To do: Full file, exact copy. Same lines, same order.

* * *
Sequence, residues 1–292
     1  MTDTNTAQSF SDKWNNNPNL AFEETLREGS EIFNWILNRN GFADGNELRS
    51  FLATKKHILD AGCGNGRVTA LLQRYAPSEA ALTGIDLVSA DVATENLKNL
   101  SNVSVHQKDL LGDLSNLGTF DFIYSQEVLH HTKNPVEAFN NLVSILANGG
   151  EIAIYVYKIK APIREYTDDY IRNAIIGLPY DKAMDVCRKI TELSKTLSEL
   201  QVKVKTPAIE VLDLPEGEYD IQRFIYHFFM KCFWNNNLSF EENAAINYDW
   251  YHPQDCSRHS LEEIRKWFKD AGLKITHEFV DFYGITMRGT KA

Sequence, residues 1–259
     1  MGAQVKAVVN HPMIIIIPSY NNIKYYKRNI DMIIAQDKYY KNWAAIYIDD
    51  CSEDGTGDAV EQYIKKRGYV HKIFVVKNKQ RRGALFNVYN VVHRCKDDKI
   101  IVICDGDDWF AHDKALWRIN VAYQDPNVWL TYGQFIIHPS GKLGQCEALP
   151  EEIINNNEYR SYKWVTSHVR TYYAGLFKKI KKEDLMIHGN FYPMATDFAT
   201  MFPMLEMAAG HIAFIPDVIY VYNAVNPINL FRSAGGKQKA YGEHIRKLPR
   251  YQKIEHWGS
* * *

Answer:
Sequence, residues 1–292
     1  MTDTNTAQSF SDKWNNNPNL AFEETLREGS EIFNWILNRN GFADGNELRS
    51  FLATKKHILD AGCGNGRVTA LLQRYAPSEA ALTGIDLVSA DVATENLKNL
   101  SNVSVHQKDL LGDLSNLGTF DFIYSQEVLH HTKNPVEAFN NLVSILANGG
   151  EIAIYVYKIK APIREYTDDY IRNAIIGLPY DKAMDVCRKI TELSKTLSEL
   201  QVKVKTPAIE VLDLPEGEYD IQRFIYHFFM KCFWNNNLSF EENAAINYDW
   251  YHPQDCSRHS LEEIRKWFKD AGLKITHEFV DFYGITMRGT KA

Sequence, residues 1–259
     1  MGAQVKAVVN HPMIIIIPSY NNIKYYKRNI DMIIAQDKYY KNWAAIYIDD
    51  CSEDGTGDAV EQYIKKRGYV HKIFVVKNKQ RRGALFNVYN VVHRCKDDKI
   101  IVICDGDDWF AHDKALWRIN VAYQDPNVWL TYGQFIIHPS GKLGQCEALP
   151  EEIINNNEYR SYKWVTSHVR TYYAGLFKKI KKEDLMIHGN FYPMATDFAT
   201  MFPMLEMAAG HIAFIPDVIY VYNAVNPINL FRSAGGKQKA YGEHIRKLPR
   251  YQKIEHWGS